Two down, one to go.
That's a bit of wishful thinking, but the J. Paul Getty Museum's acquisition Thursday of Orazio Gentileschi's magnificent Baroque masterpiece "Danaë" excites the imagination.
The painting is the first in a set of three commissioned from the Rome-based, Pisa-born artist in 1621 by Giovanni Antonio Sauli for his lavish palazzo in Genoa, the booming seaport on Italy's northwest coast. The second, "Lot and His Daughters," has been in the Getty's collection since 1998, where it will now be happily reunited with "Danaë."
Tantalizingly, the third picture in the celebrated set — which together sealed Gentileschi's reputation as a major Baroque artist — remains in an unidentified New York private collection. There's no telling what might happen down the road (my crystal ball is broken), but one can dream.
The purchase required an outlay of $30.5 million during a brief but nerve-racking bidding session at Sotheby's auction house in New York, but rivals did drop out rather quickly. Much of the big-ticket auction action these days goes to Modern and contemporary art, so those deep pockets were sidelined. And, institutionally, few museums have the Getty's resources, while voluptuous female nudes don't go over well in Qatar and Abu Dhabi, where big art museums are being built from scratch with vast oil wealth.
All of that no doubt worked in the Getty's favor. And ours.
The Sauli commission is, indeed, quite bawdy, although the sex is wrapped in the scholarly moral erudition so common to Baroque art. The pictures tell three stories — one pagan, one Old Testament-related and one New Testament — and they move through history from sin to conflicted debauchery to redemption.
Given a patriarchal society, where men rule church and state, women's sexuality and its evolving relationship to godliness are of course being described (and proscribed) by those with a Y chromosome. The men, while congratulating themselves on the progress society has made, get to look at sexy pictures.
"Danaë," the pagan delight, is the most dramatic of the three — a full-throated stylistic homage to the inventive genius of Caravaggio, eight years Gentileschi's junior and a close friend in Rome. In Caravaggio's wake, Gentileschi replaced his Mannerist stylization with stark naturalism.
Against a rich, dark background, life-size figures are pushed forward and brightly illuminated, like players on a theatrical stage. The picture is all exquisite surfaces, heightening sensuality.
The composition forms a dynamic, off-kilter X, with one line formed by Cupid's torso, Danaë's elegantly raised arm and welcoming right hand and the virtually orgasmic shower of gold that represents Jupiter, god of the sky. He has transformed himself in order to sneak into the locked bedchamber and ravish her.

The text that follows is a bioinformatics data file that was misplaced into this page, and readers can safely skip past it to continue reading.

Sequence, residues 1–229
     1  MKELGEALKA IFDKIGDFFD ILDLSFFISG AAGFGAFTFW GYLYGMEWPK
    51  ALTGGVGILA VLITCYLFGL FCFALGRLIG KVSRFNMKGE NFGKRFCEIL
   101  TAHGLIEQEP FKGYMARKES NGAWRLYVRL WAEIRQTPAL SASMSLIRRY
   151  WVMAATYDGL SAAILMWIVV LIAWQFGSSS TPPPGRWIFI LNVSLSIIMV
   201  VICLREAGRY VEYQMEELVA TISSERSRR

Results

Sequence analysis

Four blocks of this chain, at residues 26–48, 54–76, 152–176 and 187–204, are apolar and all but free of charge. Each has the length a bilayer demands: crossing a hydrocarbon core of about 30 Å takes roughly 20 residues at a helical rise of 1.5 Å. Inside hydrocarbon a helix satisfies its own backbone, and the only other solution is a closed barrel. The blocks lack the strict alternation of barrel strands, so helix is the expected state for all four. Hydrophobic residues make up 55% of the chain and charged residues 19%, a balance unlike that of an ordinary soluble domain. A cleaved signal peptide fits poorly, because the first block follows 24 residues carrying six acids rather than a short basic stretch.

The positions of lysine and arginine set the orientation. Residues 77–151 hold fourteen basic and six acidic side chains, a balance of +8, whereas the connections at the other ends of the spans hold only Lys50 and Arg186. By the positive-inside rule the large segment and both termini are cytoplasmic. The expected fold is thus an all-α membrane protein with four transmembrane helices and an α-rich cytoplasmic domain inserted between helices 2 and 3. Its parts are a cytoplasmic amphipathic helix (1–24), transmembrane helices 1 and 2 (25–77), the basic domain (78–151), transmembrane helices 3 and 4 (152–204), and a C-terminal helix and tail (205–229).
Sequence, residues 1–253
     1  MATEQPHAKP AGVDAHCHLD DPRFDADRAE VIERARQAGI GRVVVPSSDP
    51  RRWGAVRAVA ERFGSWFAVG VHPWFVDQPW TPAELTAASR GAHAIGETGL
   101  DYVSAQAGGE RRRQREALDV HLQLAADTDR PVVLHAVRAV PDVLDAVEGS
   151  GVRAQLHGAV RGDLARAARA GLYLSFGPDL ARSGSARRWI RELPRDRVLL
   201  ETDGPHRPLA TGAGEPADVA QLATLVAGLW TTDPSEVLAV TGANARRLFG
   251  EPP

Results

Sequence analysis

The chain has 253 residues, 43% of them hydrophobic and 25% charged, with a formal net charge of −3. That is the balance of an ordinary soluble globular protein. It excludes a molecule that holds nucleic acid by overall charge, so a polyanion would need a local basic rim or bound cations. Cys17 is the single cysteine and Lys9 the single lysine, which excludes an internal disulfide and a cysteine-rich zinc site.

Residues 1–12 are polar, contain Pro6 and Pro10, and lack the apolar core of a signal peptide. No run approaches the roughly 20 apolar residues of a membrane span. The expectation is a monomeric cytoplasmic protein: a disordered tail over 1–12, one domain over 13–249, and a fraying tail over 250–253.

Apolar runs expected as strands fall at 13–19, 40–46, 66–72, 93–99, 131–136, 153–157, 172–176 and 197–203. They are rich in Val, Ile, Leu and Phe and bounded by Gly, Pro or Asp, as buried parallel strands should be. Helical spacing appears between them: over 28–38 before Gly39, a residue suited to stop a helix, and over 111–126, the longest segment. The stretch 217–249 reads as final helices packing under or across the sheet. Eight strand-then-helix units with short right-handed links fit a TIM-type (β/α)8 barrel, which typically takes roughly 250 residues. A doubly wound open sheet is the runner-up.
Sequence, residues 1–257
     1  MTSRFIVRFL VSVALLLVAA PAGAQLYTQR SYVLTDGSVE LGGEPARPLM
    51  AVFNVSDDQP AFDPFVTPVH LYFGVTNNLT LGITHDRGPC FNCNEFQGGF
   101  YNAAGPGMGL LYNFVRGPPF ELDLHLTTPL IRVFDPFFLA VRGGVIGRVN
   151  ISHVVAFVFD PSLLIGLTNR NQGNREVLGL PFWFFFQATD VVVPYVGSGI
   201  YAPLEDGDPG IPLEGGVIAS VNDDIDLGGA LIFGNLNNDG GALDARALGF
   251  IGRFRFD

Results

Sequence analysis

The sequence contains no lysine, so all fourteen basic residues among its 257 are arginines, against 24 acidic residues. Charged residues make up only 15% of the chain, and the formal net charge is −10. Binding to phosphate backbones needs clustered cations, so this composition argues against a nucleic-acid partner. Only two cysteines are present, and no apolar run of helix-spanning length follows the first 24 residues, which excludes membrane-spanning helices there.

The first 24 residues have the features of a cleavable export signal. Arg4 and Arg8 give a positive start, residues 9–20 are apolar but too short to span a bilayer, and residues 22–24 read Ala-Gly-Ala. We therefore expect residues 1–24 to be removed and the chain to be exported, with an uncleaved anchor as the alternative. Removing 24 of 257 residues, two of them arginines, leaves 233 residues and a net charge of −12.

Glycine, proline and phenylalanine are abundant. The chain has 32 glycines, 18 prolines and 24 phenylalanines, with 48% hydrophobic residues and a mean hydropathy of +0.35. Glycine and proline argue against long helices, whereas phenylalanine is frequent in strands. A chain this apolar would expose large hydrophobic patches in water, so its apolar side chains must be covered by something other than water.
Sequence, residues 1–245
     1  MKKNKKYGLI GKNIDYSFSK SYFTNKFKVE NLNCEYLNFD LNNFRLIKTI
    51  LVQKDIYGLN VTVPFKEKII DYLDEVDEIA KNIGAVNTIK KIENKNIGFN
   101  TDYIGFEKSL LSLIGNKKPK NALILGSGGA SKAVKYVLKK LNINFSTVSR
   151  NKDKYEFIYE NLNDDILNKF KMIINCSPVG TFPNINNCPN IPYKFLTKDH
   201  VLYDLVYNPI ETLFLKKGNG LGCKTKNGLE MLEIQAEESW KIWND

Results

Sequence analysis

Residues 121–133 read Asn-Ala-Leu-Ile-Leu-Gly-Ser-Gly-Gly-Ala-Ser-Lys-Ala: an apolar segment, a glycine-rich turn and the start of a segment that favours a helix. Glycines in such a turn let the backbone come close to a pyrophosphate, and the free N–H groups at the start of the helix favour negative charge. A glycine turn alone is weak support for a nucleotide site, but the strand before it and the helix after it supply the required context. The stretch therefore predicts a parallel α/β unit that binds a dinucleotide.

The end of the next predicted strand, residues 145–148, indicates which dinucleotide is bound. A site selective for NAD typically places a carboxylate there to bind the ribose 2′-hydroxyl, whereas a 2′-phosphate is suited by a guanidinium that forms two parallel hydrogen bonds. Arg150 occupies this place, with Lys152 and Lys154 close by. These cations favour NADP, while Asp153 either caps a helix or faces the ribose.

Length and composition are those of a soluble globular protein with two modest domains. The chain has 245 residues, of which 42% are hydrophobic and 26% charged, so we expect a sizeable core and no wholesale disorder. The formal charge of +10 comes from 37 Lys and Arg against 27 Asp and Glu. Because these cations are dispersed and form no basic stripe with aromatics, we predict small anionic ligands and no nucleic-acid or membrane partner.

The other, contrasting line of the X-composition is created by Danaë's naked, alabaster body, plus the radiant play of light that illuminates the voluptuous scene. Her fate is implied in the satin bedcovers tangled around her and unfurling across the cloudlike bed: They are as golden as Jupiter's miraculous shower cascading from above onto the luminous nude body.
Rather than a scalding satire on corruption, like Dutch painter Hendrik Goltzius' brilliant, Mannerist take on the story in his 1603 masterpiece at the Los Angeles County Museum of Art, Gentileschi weds stylish aesthetics with almost pure eroticism. A visitor to Sauli's palazzo would likely know that Perseus, the offspring of the sexual encounter between Danaë and Jupiter, would bring eventual sorrow, accidentally killing her father. Looking at the picture, though, that inevitable tragedy seems remote.
The second painting in the set is the most conceptually shocking, although visually the most chaste. "Lot and His Daughters" huddle for refuge at the mouth of a cave as God destroys Sodom, unseen in the distance but suggested by a darkening sky. With the world collapsing around them, the young women decide they will get their father drunk and sleep with him in order to repopulate the land.
Gentileschi's primary color scheme of red, yellow and blue underscores the basics — an ancient, pre-Christian incest story recounted in Genesis. A blouse slipped off a shoulder here, a drunken man's head nestled in a woman's lap there — the taboo encounter has found a way to be indirectly told.
Scholars have long argued the story's meaning, but one thing is certain: In Gentileschi's cycle, women are regarded as descendants of Eve, whose transgression in the Garden of Eden caused nothing but trouble. The ravished (Danaë) has become the ravisher (Lot's daughters).
Which brings us to the final, "missing" canvas of the three: "Mary Magdalen in Ecstasy." A hermit living a life of meditation in the wilderness, atoning for her wanton past, she's the Christian sinner redeemed by repentance.
In Gentileschi's composition, Mary's body reclines next to a skull against a stone slab, reminiscent of a tomb. Her posture is an ecstatic swoon — head tossed back, mouth open and glassy eyes rolling back.
Divine love has traveled a difficult path from the pagan depiction of "Danaë." Carnal union is finally replaced with spiritual communion — for Mary Magdalene, at least, if not necessarily for the painting's bemused audience.
The trio of paintings was included in "Orazio and Artemisia Gentileschi," a revelatory, well-received 2002 exhibition at New York's Metropolitan Museum of Art of paintings by the father and his gifted painter-daughter. (The show was also seen in Rome and St. Louis.) After that success, the three Sauli canvases traveled on their own to the Getty, two for a brief stay.